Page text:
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Olum is one of the 36 people in northern Uganda who have received therapy dogs through the Comfort Dog Project, a local nonprofit. He named his dog Aciru. Nakisanze Segawa, GPJ Uganda

Uganda’s Comfort Dog Project Heals Trauma Through Therapy, Canine Companionship


For those abducted during the war in northern Uganda, everyday life can be fraught with fear and traumatic flashbacks to captivity in the Lord’s Resistance Army. Now, a nonprofit in the area is finding that the best person to help them heal is sometimes not a person at all.

OMORO, UGANDA — Fifteen years after escaping from her abductors, Filda Akumu met Lokoroma, a Basenji-breed pup.

Lokoroma was graceful and friendly, just how Akumu would describe herself before 1997, when the Lord’s Resistance Army, an armed group notorious for fighting against President Yoweri Museveni’s government, took Akumu and her two brothers from their home in the rural town of Gulu. She was 12.

A year in the thick, tangled forests of northern Uganda left Akumu with the petrifying memory of her brothers being murdered and very little to look forward to when she was reunited with her parents in 1999, she says.

At home, Akumu kept to herself, skipped meals and barely spoke about her time in captivity – until Lokoroma arrived in 2014. The therapy dog showed Akumu more empathy than her community members ever did, she says.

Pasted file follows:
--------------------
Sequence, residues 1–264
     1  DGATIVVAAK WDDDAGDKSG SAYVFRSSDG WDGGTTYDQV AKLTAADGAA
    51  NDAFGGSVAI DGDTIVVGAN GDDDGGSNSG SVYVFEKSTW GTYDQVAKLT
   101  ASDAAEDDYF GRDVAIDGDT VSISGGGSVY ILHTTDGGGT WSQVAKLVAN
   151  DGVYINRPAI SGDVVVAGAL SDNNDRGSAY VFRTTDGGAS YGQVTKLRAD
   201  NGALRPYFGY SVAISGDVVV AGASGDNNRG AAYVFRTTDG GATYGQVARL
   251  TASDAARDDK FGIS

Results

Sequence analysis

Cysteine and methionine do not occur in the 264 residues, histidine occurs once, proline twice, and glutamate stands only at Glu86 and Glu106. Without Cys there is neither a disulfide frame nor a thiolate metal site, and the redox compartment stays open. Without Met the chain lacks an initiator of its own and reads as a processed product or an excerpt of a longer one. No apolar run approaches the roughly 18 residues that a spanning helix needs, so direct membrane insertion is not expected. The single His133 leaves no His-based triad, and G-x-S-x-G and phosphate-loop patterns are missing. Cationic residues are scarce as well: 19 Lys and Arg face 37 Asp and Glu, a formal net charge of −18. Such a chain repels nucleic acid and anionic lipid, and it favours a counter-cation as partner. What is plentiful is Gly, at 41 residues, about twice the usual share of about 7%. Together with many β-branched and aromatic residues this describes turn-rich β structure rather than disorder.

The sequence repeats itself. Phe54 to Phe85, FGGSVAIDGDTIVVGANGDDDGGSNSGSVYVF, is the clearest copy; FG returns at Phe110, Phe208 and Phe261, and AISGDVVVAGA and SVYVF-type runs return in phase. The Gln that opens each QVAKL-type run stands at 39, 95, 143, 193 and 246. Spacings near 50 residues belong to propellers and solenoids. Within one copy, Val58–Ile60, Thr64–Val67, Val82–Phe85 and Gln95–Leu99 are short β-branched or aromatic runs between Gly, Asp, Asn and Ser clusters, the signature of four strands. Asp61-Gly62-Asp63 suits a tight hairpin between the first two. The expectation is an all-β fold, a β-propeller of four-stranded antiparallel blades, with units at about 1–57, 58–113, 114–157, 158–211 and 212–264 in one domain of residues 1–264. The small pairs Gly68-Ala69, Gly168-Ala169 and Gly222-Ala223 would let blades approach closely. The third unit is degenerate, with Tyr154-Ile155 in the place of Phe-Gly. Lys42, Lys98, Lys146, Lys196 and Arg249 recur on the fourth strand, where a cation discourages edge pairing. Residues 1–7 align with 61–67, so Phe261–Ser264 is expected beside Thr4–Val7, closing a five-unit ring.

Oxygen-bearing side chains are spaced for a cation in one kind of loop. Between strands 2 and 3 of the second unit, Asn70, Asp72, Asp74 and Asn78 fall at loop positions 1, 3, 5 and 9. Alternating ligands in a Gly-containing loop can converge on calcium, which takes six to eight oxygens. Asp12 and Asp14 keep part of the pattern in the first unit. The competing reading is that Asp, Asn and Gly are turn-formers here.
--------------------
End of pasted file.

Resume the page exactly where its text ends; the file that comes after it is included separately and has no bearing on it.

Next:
“I have now forgotten what I have been through,” Akumu says with a smile, reaching for Lokoroma’s paw.

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Susan Adokorach plays with her therapy dog Watmon, at the Comfort Dog Project headquarters in Omoro District. The nonprofit’s founder, Francis Oloya Okello, strolls in the background.

Nakisanze Segawa, GPJ Uganda

In northern Uganda, a region long plagued with insecurity, animal-assisted therapy is bringing comfort and companionship to those in need. The Comfort Dog Project pairs military veterans and community members affected by years of war with therapy dogs.

The Lord’s Resistance Army more commonly known as the LRA, originated in northern Uganda in the 1980s. Under the leadership of Joseph Kony, one of the region’s most wanted warlords, the group looted villages in South Sudan, the Central African Republic and the Democratic Republic of Congo, capturing the youngest residents and displacing thousands.

In 2006, the war between the armed group and the government ended. Thanks to Uganda’s military, U.S. troops and the African Union’s armed forces, Kony’s LRA went from thousands of members to hundreds. The remaining members fled Uganda’s northernmost communities for South Sudan and the Central African Republic.

Between the mid-1990s and 2006, the LRA kidnapped at least 66,000 Ugandans between the ages of 14 and 30, according to the Survey for War Affected Youth, a research program on humanitarian aid. Young boys were forced to fight and told to commit heinous crimes if they wanted to stay alive, while girls were forced into sex slavery.

Many of those who were abducted and escaped still experience fear, rage and depression.